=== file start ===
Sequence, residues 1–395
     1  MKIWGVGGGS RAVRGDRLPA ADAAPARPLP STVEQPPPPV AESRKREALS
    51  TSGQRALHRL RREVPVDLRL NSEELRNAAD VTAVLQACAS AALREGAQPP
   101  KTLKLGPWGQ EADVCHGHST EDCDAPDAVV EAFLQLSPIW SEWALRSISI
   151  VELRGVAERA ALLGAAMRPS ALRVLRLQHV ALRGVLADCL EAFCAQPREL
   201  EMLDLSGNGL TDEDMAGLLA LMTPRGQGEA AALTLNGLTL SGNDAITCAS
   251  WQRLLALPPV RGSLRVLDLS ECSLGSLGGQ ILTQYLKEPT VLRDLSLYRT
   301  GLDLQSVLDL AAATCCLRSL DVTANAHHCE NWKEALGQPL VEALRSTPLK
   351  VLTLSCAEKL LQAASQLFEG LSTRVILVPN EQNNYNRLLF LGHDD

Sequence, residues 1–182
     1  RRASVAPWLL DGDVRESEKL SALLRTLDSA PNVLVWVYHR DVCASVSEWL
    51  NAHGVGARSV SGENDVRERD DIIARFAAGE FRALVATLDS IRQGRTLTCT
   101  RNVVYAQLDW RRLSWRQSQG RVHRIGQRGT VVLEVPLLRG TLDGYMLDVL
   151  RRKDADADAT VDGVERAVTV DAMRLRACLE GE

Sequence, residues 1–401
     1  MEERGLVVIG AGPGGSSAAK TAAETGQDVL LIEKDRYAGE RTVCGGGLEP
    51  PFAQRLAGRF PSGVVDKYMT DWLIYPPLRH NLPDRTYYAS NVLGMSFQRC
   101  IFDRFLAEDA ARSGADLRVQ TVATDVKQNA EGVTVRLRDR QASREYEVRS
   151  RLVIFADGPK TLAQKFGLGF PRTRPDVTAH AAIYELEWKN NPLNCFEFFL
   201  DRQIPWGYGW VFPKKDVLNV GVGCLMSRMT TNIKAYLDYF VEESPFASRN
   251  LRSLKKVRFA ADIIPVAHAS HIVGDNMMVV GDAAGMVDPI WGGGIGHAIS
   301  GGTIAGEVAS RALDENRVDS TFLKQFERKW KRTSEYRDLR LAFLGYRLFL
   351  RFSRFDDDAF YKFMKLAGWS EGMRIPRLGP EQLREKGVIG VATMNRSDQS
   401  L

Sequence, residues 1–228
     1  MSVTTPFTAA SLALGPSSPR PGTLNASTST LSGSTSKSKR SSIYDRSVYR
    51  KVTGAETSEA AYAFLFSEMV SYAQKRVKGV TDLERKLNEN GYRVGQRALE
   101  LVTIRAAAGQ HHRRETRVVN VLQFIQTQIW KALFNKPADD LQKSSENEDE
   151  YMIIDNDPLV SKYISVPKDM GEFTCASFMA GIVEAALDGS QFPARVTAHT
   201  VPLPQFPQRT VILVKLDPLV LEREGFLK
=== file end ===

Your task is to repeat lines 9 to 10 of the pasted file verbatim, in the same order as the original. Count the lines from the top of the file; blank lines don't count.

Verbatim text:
   351  VLTLSCAEKL LQAASQLFEG LSTRVILVPN EQNNYNRLLF LGHDD

Sequence, residues 1–182